On November 17, 2016, a bat flew into Ally McNamee’s mouth.
At the time, McNamee was a student at Keene State College in New Hampshire. A bat flew into her house, and she attempted to shoo it away with a broom, assuming the bat would retreat. It did not.
“It flew at my face, and I screamed,” McNamee says. “My mouth was open. I definitely caught a wing.”
When she woke up the next day, she started to worry about rabies. She went to the local urgent care center, which sent her to the emergency room. It was the only facility that stocked the drugs necessary to treat rabies, a situation that is typical across the United States.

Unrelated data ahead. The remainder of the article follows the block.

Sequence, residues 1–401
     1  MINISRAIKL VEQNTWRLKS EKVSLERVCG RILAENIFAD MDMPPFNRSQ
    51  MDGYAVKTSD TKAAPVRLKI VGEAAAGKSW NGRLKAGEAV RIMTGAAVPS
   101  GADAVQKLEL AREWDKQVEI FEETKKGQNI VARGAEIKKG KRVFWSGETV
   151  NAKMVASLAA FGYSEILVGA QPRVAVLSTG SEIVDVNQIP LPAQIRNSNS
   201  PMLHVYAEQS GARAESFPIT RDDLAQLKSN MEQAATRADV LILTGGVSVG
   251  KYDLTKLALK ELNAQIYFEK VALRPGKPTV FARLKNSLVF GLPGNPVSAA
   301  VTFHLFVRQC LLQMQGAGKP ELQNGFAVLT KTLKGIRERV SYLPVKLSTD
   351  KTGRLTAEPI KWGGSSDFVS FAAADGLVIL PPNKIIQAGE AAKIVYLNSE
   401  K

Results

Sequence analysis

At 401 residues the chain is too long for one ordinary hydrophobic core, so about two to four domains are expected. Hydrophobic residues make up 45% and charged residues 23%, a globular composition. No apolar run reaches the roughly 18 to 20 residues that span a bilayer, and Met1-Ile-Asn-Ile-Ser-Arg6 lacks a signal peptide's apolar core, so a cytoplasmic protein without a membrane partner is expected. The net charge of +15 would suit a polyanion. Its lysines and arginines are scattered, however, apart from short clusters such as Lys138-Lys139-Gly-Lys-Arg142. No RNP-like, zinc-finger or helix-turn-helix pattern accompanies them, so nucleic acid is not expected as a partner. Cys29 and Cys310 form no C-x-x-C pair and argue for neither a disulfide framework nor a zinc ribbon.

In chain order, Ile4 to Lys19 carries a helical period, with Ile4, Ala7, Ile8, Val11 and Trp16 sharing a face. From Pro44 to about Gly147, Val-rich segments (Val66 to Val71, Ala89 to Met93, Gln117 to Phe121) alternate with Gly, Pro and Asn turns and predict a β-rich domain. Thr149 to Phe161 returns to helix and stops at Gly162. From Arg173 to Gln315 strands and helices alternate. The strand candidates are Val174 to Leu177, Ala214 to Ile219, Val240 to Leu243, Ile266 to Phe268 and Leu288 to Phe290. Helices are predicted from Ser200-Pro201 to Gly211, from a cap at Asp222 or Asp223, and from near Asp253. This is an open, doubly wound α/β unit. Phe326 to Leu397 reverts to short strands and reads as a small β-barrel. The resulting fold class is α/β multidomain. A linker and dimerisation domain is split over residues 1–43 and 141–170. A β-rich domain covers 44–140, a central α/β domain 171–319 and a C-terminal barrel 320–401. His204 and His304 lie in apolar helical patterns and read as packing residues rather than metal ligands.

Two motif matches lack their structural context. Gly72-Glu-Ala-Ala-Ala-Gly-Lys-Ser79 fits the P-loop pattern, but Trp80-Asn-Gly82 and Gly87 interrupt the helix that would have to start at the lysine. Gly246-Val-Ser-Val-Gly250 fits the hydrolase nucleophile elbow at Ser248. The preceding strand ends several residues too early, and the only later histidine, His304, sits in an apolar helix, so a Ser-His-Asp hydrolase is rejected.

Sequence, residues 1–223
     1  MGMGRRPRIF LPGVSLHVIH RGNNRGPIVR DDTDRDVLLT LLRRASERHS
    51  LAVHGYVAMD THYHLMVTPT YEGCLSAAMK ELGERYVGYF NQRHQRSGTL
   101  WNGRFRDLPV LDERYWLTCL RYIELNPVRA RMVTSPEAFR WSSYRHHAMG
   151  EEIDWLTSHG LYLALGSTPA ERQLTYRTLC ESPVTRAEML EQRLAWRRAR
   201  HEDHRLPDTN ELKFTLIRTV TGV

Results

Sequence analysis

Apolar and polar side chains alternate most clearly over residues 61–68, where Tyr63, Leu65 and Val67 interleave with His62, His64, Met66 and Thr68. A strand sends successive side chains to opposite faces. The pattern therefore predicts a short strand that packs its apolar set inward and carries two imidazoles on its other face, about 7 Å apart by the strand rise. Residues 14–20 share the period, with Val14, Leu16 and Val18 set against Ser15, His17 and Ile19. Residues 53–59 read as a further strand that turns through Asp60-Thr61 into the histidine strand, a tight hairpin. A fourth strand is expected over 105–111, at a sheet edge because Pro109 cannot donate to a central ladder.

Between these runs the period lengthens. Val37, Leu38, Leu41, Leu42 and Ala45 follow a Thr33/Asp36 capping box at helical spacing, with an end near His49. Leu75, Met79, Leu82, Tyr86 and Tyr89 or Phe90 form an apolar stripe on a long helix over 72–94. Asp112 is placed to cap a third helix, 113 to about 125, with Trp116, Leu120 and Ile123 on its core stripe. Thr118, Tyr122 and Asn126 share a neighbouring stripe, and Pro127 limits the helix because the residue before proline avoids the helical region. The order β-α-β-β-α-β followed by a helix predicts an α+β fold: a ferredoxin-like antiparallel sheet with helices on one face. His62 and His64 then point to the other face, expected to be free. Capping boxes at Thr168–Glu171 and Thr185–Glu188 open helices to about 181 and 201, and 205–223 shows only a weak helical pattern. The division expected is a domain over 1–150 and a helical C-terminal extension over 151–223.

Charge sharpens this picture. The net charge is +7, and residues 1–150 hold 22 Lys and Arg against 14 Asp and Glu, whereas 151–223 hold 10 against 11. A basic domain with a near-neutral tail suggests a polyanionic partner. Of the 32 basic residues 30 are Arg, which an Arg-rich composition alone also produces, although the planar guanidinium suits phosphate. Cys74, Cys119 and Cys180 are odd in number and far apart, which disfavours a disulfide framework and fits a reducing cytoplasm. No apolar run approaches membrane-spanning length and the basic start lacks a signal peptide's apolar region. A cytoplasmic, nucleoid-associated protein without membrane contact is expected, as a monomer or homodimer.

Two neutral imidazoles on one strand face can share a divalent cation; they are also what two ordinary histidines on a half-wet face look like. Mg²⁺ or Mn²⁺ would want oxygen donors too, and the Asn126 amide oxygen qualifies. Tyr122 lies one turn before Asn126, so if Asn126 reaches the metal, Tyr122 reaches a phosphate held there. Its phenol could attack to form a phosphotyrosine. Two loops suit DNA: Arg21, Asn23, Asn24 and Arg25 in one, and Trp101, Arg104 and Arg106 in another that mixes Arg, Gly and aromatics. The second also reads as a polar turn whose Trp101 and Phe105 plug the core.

A few weeks later, the bill arrived: $6,017. The vast majority of the charge was for a drug to treat rabies exposure called immunoglobulin. The emergency room billed this drug at $3,706.
And it turns out McNamee’s bill was actually at the low end of what hospitals charge for the drug in the United States, which can sometimes be closer to $10,000.
Vox learned of McNamee’s bat incident during a running, months-long investigation into emergency room costs. Readers from across the country …